These “Civil Rights Leaders” were so totally obedient to the White Man’s script, and mandate, that Congressman John Lewis was ordered by the Whitehouse to rewrite his speech, which he did because it was considered too inflammatory. By the way, how did the White House know the content of the speech(s), unless they were submitted in advance, for prior approval?
As long as Minister Elijah Muhammad and the Nation of Islam (“NOI”), held Minister Malcolm in check, he did not pose a significant enough threat to America and the world’s White Power Structure. After breaking away from the “NOI,” Minister Malcolm became a “Black Nationalist,” which made him the most dangerous “Black” (we were Black then) man in America, if not the world.
He began connecting Black African American’s struggle with Black Africans throughout the Diaspora and asking Black African leaders to argue Black African American’s plight at the United Nations, charging America with “Apartheid” and racial genocide. This is the reason Minister Malcolm X was assassinated.
I was also angry with the men who assassinated Minister Malcolm. In my 13-year-old mind, I was convinced that Elijah Muhammad ordered his assassination because of jealousy. I was aware that Minister Malcolm was the soul and spirit of the “NOI” and when he left to start his own organization, he would be pulling many soldiers from the “NOI.” I have since realized “our” Federal Government ordered the assassination of Minister Malcolm X.
I thought; here we go again, “divide and conquer” (Willie Lynch), because we were becoming too powerful as a race. How could they do this to us? How could we do this to ourselves? Just when we were about to develop a unified agenda for our liberation, we turned on each other – again!
On the 50th Anniversary of Minister Malcolm X’s assassination, I was attending the 37th annual Cross Cultural Conference in Myrtle Beach, South Carolina. This was a three-day conference and the theme was “Building Communities of Hope and Resiliency.”
Minister Malcolm X’s name was never publicly mentioned during this three-day conference, which was attended mostly by Black African American Mental Health Professionals. There was not a moment of silence, nor were there any remarks pertaining to the greatest loss of Black African American leadership during my lifetime.
WHAT WOULD MINISTER MALCOLM X SAY?
While attending the various plenary and breakout sessions, I asked myself several times how Minister Malcolm would feel about our racial progress, or the lack of. I imagine he would first ask, “Why are you all meeting and staying in this White-owned hotel and conference center discussing the plight of Black African Americans?
Are you aware that after 37 years, you have practically paid for this building, yet, you do not have anything to show for it except pictures? The money you are spending here could be best utilized in purchasing your own hotel and conference center and then be able to boast of the progress the Cross-Cultural Conference is making towards “Building Communities of Hope and Resiliency,” by buying and owning land.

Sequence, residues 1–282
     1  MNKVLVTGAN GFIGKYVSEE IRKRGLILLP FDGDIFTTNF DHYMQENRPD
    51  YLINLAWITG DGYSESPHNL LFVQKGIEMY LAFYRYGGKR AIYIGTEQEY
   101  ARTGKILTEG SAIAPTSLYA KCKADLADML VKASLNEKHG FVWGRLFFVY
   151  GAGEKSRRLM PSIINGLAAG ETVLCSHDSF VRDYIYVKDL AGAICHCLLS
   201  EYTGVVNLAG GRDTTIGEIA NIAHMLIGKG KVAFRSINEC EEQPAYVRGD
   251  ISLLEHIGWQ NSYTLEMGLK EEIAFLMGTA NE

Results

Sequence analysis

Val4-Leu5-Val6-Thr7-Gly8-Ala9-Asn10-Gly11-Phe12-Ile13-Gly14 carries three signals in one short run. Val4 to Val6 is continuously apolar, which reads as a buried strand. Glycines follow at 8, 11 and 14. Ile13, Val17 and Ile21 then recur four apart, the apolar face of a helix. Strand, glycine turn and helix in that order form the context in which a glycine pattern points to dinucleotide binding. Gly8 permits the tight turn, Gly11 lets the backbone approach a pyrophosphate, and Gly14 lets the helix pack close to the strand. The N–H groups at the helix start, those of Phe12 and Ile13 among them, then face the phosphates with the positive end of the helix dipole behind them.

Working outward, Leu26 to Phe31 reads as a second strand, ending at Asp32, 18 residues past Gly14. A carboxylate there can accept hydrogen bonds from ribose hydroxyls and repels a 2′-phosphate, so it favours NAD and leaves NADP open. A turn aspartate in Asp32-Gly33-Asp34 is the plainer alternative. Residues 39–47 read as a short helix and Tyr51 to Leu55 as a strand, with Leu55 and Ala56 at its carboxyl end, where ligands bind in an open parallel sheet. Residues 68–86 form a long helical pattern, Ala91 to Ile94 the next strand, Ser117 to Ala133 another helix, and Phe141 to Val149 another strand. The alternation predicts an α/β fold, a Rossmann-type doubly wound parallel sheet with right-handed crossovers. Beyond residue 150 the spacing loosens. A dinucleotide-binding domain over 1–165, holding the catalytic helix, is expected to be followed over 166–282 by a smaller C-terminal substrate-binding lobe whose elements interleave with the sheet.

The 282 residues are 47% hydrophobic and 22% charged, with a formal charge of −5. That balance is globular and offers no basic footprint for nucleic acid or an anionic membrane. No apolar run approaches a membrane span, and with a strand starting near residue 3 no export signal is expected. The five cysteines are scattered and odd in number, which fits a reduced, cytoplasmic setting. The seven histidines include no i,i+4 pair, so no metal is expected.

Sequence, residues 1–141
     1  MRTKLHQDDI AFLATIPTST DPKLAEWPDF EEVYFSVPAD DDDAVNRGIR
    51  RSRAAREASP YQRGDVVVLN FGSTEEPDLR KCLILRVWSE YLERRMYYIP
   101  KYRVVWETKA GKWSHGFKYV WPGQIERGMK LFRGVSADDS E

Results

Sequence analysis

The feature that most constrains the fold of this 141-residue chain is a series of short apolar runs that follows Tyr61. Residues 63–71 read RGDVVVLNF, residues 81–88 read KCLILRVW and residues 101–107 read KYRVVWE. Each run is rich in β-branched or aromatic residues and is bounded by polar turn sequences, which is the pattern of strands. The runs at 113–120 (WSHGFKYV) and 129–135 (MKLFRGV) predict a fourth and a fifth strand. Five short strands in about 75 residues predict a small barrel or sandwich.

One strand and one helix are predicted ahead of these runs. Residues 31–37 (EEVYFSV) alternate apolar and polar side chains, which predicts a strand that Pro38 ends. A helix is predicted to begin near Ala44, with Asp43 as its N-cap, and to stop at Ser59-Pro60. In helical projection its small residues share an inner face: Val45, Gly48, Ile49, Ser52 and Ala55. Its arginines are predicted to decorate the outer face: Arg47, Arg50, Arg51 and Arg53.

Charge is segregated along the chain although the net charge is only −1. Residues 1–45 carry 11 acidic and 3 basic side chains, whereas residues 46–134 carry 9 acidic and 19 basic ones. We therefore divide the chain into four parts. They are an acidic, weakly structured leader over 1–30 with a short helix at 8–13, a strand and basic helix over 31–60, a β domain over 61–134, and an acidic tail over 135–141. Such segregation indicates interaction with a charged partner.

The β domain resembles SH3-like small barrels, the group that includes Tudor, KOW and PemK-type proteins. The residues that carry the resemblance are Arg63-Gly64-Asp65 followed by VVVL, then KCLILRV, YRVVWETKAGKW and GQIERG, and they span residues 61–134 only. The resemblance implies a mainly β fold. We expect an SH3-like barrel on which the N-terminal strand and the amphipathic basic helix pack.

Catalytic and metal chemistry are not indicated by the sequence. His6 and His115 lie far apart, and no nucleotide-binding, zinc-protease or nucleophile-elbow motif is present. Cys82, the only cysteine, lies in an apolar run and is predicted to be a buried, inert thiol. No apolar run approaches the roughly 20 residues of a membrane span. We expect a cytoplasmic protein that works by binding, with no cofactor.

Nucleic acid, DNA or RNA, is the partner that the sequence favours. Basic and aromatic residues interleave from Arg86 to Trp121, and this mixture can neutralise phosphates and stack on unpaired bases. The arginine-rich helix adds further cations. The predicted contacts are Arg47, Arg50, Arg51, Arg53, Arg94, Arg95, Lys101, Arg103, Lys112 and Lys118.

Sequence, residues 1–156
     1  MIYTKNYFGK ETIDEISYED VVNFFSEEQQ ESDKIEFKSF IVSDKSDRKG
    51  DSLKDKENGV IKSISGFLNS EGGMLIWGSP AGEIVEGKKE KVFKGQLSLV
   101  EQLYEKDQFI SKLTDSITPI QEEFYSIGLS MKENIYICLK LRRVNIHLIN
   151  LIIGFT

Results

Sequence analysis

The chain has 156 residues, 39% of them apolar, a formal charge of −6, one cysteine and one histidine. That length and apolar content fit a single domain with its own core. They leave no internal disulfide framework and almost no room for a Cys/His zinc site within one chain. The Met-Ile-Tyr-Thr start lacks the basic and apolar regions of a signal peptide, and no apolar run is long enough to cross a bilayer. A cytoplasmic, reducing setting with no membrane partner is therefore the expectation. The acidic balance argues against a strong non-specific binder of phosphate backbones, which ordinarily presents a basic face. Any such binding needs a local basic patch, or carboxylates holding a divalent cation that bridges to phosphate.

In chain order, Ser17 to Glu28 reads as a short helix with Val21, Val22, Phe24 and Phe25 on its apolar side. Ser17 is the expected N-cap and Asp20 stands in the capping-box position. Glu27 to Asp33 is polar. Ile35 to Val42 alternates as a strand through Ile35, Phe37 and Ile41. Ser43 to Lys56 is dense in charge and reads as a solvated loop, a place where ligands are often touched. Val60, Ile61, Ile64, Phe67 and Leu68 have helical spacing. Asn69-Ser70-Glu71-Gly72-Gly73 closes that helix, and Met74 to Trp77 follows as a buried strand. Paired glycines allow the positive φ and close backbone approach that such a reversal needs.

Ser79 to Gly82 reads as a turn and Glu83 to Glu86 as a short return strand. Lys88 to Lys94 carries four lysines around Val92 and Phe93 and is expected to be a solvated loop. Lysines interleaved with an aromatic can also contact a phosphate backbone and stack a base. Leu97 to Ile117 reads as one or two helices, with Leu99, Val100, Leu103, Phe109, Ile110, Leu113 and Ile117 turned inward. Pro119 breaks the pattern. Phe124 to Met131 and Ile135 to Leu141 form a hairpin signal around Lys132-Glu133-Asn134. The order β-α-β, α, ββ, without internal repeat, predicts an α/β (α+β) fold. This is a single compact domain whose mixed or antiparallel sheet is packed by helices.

I can also hear Minister Malcolm X asking, “How do you expect anything positive to come out of such doom and gloom conferences? Every one of the workshops as well as the plenary sessions that I attended focused on the fact that Black African Americans are last in everything positive and first in everything negative.
Minister Malcolm X would admonish us for wasting the last 37 years talking loud and doing nothing. The only thing we “conscious” attendees at this conference can take back to our perspective communities is the fact that “We Black African Americans have not because we do not.”
When a female attendee appearing to be my age said to me, “I don’t know why our churches won’t use their vans to pick up our kids after school and take them to their churches and provide some type of program or supervision for them. Every one of our churches has a van, and they could pay an additional insurance rider to do this.
I felt Minister Malcolm smiling when I asked if her church was providing this valuable service. I qualified my question by informing her that I do not attend church, so I do not have a voice in what takes place in these churches.
This woman replied, “We just got a new Pastor and he is still learning his way.” I asked if it was possible for her and other like-minded members to “Point the way” for their pastor? After much prodding, she finally said, “I belong to an AME church and we get a new Pastor about every year or two. Pastors come to our church in hopes of moving up to larger churches and hopefully promoted to Bishops.”
I replied that she and the rest of her congregation were being used to advance the financial aspirations of many Pastors who utilize her church as a stepping-stone to bigger churches, and she said, “That’s how they do it.”
I reminded her that when I grew up in the church, most of the Pastors I knew were trying to literally feed their flocks, because their flocks were literally starving for food. Today, most of the Pastors seem to be fleecing their flocks by getting their flocks to feed, clothe, shelter and provide them with huge bank accounts, luxury homes, fancy automobiles and airplanes.
She just looked at me as if she was a deer caught in my headlights, so I realized it made no sense for me to continue this conversation with her. I also asked if she ever heard of the “Black Boule” and she replied, yes, I am a AKA and we hold a Boule every year.”
At this point, I knew it would be futile for me to point out the fact that many of those attending this 37th Annual Cross-Cultural Conference boast of membership in one of the nine Black African American fraternities and sororities. In fact, one of the officers of this conference wore his Fraternity cap throughout the conference. He did not even have enough respect for his own religion to remove his cap during the many “Prayers.”
Sadly, the only thing of benefit I got out of this 37th Annual Cross-Cultural Conference was 23 hours of Continuing Education Units (CEU’s), which is really all that I expected to get. Every year, it is the same old “same-o.” Speeches are given regarding the dismal state of our race; plaques are given to the best speakers and not the best doers; the same leadership re-elect themselves and the beat goes on and on and on. Let us not forget the three nights of partying and bull-shucking and bull-shucking and partying.
Oh, what a blessing it is that my people do not read, think, or use common sense, says the Pastors, Pimps, and Politicians.